All for One and One for Ahupa’a

A gentle reminder that you’re needed as we transition back to regular Church services.

On May 19, the Church released guidelines about reopening and returning to regular meetings. This signals a return to church-church (as opposed to home-church) in the near future.

Not everyone is pleased.

Some are anxious, and that’s understandable. It’s hard to sift information from misinformation these days, let alone make judgments based on that information.

But even more than that… home-church has been AWESOME! Why on earth would we want to go back to church-church when the alternative is so great?

That’s not unreasonable either. In my house, we’ve absolutely loved home-church and the break from broader responsibilities. Why would anyone want to give that up?

Short answer? It’s not all about you.

The Ancient Ahupua’a

The islands that dot the Pacific are beautiful. It’s no surprise they draw thousands of tourists from far dustier corners of God’s green earth every single year. And yet despite this beauty, the ancient Hawaiians lived in some of the most difficult conditions of their time. As it turns out, these islands are far less hospitable without modern conveniences like room service and kayak rentals.

Still, undeterred by these conditions, the Hawaiians developed a system that may have supported up to a million natives. Today there are not even 1.5 million people in the state of Hawaii. Sustaining life as the ancients did – before electricity, sanitation, and imports – was a tremendous feat.

How did they do it?

They did it by working as a community in self-contained districts called ahupua’a. Ancient Hawaiians divided entire islands, or mokupuni (like O’ahu below), into many ahupua’a. These pizza-slice-shaped land divisions provided everything the Hawaiians needed to survive. Each was overseen by an ali’i, or chief.

That included forests to provide wood for making homes and boats, fertile land where they could farm crops like taro, space to live and harvest coconuts, and an ocean that provided seaweed, fish, and salt.


Individuals and families living in the ahupua’a would be given a kuleana. “Kuleana” is a Hawaiian word that literally means “right” or “responsibility.” Your kuleana was your portion of the work in the community. You might have been responsible for harvesting wood for canoes, or for making nets for fishers, or for working a land tract and growing taro, or for repairing structures in the village. Then, regularly, villagers would meet and trade, bringing those things others needed and taking for themselves what they needed. In this way, the community ensured that all needs were met.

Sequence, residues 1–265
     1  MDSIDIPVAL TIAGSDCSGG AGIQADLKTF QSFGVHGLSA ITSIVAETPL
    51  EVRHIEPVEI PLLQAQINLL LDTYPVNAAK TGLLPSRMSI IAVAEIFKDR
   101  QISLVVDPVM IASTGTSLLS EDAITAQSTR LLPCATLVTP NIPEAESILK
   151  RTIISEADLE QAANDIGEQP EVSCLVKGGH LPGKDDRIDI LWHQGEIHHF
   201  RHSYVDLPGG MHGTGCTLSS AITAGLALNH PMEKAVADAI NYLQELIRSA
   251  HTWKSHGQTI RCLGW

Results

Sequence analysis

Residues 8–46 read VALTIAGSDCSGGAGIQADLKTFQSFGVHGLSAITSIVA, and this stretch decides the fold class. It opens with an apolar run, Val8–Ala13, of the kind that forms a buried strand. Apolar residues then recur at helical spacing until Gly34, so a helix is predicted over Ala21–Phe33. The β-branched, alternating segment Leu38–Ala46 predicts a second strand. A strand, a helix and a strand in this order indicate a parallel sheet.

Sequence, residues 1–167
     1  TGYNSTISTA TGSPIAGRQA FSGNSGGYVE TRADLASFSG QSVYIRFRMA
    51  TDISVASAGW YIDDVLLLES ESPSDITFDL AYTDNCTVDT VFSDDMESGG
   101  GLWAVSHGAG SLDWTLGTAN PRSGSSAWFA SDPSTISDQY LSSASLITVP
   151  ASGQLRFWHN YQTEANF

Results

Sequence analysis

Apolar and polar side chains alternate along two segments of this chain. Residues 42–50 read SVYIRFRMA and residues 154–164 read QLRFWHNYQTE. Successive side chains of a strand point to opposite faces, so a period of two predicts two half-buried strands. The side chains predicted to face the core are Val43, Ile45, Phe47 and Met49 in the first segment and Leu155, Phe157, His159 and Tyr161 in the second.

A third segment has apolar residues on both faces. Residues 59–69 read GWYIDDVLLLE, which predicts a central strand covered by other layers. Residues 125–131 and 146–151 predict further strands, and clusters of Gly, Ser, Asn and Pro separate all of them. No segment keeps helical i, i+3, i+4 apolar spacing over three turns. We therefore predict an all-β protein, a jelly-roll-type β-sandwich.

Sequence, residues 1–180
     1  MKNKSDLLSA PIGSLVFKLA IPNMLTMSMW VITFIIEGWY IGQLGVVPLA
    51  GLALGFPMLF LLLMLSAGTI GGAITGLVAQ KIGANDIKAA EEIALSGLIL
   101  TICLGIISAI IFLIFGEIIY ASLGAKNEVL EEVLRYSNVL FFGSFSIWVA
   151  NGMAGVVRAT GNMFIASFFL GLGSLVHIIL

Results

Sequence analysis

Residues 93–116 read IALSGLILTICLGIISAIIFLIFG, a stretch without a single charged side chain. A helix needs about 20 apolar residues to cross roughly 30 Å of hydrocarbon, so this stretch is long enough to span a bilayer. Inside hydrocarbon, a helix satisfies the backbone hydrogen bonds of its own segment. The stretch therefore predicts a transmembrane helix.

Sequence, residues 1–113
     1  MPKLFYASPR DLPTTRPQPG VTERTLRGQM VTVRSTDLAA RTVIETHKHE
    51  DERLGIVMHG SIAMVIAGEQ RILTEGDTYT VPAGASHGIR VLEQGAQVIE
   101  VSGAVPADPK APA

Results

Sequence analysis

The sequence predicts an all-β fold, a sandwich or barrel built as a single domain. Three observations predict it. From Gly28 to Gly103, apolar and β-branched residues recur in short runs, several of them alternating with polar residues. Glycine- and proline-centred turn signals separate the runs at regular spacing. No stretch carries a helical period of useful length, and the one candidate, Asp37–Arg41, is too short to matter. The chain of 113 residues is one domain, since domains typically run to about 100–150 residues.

Fulfilling your kuleana was critical to the community. If a farmer did not grow taro, it wasn’t just him that would be without taro; it was the entire community. If those making fish nets failed to make them strong, the fishers would fail and the entire community would be impacted. If one person failed in their responsibility, everyone felt it, and in this kind of environment, someone could die.

You might wonder why someone would live like this, so dependent on others for their survival. At least for the Hawaiians, this is what allowed for their way of life – vibrant, rich, and lasting.

Our Ward Ahupua’a

I have loved home-church. It’s been refreshing to be laser-focus on my family and to personally administer the sacrament for those I care about most.

But there’s more to church than taking the sacrament. In an entire Ensign devoted to the blessings of the formal Church organization, Sister Sharon Eubank said,

As the world becomes increasingly secular, however, many people wonder why organized religion is necessary. They feel that they can be close to God in settings outside of a church. While it is true that we can feel the Lord’s Spirit in many places, this issue of the Ensign explores a few of the reasons the Lord organized His Church and how His restored Church focuses our learning and amplifies our individual responses to His Spirit for good in our day.

As with the ancient Hawaiians, there are talents we bring that no one else can provide. In our absence, the entire community suffers. Similarly, there are talents others bring that we simply cannot replicate on our own. We can get by in times of hardship, and the Lord can magnify our efforts; still, meeting together in branches and wards and stakes provides blessings that come in no other way. Our regular opportunities to trade – to bring to give, and to take to live – are critical to our local ahupua’a.

Come Back to Church

Maybe you’ve grown accustomed to home-church, and you don’t need traditional church (you do). Please share what you have anyway; someone else is depending on your strength and testimony. Chances are your ward will suffer – spiritually and temporally – for your absence. You will also find yourself bolstered and blessed as ward members and friends share their own talents with you. You might miss home-church, but really, there is little you can’t continue to practice once church meetings resume.

Even our best efforts will be far from perfect, but there is an Ali’i, a Chief, greater than us all. He is looking over the ahupua’a and caring for those within. I know that He will consecrate our efforts for our good and the good of the ahupua’a.

Come back to church.

Supplemental Reading:

You can follow Danny on Twitter @backfromthat. Also, check out his fabulous blog.

Leave a Reply